Kalera announced that it will open a new state-of-the-art growing facility in Houston, Texas in the spring of 2021. The new Houston facility — which will be the largest vertical farming facility in Texas — is the next step in Kalera’s rapid domestic and international expansion plan to bring consumers fresh leafy greens right where they are. By placing its farms directly in the communities that they serve, Kalera is able to supply national retailers and foodservice distributors without a long haul across the country, guaranteeing that its leafy greens are fresher longer, and much safer than field-grown lettuce.
The new facility is being announced a mere two months after Kalera announced it will be opening a new facility in Atlanta in early 2021—an announcement that took place less than two months after it opened its second Orlando, Florida farm. While Kalera’s Atlanta farm is slated to be the highest production volume vertical farm in the Southeast, the new Houston facility will be even larger, and will generate dozens of new jobs for the local Houston community. Kalera’s Houston farm’s lettuce will be available at retailers and food service distributors, as well as through the hospitality and travel industry. Retailers, distributors, and food services facilities interested in carrying Kalera’s lettuce can connect with the sales team at firstname.lastname@example.org.
Kalera is able to quickly open its newest growing facility in Houston as a result of a streamlined design and construction process, further illustrating its ability to rapidly scale and expand its vertical farms. As Kalera accelerates its growth over the next few years, it will continue to open additional facilities, expanding production capacity throughout the US and internationally.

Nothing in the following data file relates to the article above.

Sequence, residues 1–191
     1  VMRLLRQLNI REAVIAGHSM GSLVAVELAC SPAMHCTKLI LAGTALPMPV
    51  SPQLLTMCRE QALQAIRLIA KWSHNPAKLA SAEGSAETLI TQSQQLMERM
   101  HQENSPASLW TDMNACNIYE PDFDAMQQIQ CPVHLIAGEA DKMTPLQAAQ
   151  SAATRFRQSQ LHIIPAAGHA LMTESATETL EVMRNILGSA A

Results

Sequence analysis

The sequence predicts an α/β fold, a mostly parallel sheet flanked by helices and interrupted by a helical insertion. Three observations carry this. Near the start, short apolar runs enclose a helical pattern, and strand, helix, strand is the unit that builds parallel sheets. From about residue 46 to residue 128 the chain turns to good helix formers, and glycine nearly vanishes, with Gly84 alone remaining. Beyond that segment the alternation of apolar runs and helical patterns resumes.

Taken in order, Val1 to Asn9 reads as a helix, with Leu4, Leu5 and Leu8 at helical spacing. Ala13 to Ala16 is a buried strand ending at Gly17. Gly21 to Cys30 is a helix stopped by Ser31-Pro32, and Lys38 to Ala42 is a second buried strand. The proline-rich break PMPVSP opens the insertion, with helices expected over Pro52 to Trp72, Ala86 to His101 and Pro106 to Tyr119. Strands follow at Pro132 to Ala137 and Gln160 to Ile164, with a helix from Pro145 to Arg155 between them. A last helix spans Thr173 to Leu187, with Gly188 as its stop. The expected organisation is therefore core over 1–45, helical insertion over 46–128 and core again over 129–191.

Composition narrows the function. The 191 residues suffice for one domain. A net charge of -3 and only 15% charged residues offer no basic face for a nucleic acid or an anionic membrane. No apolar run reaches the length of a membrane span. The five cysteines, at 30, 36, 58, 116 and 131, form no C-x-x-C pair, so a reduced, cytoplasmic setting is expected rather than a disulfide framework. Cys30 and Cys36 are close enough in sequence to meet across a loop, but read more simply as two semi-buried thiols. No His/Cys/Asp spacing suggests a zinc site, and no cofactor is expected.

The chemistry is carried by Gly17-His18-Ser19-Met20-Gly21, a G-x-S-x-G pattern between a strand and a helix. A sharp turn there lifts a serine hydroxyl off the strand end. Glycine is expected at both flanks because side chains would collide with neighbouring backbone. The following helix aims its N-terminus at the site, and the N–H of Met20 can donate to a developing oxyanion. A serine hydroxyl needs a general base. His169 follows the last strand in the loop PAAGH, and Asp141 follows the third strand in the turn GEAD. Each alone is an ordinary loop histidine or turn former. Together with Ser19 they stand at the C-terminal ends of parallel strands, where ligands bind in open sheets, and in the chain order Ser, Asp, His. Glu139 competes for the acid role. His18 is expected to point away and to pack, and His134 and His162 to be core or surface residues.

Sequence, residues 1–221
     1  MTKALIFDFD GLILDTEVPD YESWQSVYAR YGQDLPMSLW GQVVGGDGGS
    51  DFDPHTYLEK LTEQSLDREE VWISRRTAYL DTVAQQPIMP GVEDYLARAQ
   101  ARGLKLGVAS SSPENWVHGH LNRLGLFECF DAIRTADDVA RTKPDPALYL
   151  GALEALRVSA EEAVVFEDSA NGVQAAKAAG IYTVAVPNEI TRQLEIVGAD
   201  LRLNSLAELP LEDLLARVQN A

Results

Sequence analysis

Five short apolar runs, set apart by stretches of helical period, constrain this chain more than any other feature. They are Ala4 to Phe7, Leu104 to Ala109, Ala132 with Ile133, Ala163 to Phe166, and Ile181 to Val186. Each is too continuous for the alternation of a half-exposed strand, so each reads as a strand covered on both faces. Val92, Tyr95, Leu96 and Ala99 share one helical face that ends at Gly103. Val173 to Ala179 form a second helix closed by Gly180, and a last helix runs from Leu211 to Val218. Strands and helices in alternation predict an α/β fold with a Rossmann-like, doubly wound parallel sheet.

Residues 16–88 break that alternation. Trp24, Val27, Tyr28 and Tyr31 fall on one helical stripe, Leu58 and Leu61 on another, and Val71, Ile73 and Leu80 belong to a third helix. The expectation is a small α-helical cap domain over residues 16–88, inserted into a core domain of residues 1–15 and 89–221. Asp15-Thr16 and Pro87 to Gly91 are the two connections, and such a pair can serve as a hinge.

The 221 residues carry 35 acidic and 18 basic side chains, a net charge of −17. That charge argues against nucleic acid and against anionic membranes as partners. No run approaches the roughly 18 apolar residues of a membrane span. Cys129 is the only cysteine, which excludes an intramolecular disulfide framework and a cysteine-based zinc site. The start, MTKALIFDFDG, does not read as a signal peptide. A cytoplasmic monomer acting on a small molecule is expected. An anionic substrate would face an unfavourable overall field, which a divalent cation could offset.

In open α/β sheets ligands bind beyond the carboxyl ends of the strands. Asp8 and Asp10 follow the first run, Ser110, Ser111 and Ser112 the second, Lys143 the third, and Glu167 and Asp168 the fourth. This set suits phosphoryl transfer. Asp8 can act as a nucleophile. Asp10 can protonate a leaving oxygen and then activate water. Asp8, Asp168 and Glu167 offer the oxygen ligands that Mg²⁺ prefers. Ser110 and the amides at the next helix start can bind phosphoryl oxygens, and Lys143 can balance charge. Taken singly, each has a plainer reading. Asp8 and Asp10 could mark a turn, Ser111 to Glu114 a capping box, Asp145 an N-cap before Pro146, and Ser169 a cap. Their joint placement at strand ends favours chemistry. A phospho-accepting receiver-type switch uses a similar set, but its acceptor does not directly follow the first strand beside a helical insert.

“In light of the global pandemic and seemingly endless food safety recalls, today, more than ever, consumers are demanding food that is local and that they can trust. Kalera is leading the way in the indoor-farming AgTech revolution and we are proud, especially in today’s environment, to bring the safest, purest, freshest, most nutritious, sustainable, non-GMO, pesticide-free lettuce to cities across the country as we continue our rapid expansion plan across America and prepare to open our largest facility to date,” said Daniel Malechuk, CEO of Kalera. “Houston presents Kalera with a wonderful market for our produce, as it allows us to not only supply one of the largest cities in America, but also service cities throughout the region including Dallas-Fort Worth, Austin, San Antonio, and New Orleans. Since we can easily supply produce within hours of harvest from this location to surrounding cities, Kalera can ensure the highest quality and freshness by delivering product to customers within hours of harvest, rather than days or weeks.”
The company utilizes cleanroom technology and processes to eliminate the use of chemicals and remove exposure to pathogens. With indoor facilities situated right where the demand is, Kalera is able to supply an abundance of produce locally, eliminating the need to travel long distances when shipping perishable products. Kalera's plants grow while consuming 95% less water compared to field farming.
In addition to its R&D center, Kalera opened its first commercial vertical farm, the HyCube growing center, on the premises of the Orlando World Center Marriott to bring fresh, local produce to the hotel’s visitors and customers. In March this year, it announced the opening of its second facility in Orlando, and in April, announced that it will open an Atlanta facility in early 2021. The Houston facility is the fourth farm in Kalera’s portfolio, and will soon be joined by more in the United States and around the world. Kalera also made headlines after pivoting their business strategy amidst the COVID-19 crisis, shifting from a foodservice-focus to land their produce in the aisles of Publix. During this time, Kalera also organized giveaways for the Orlando community, giving away tens of thousands of heads of lettuce to provide access to fresh, local, produce to residents.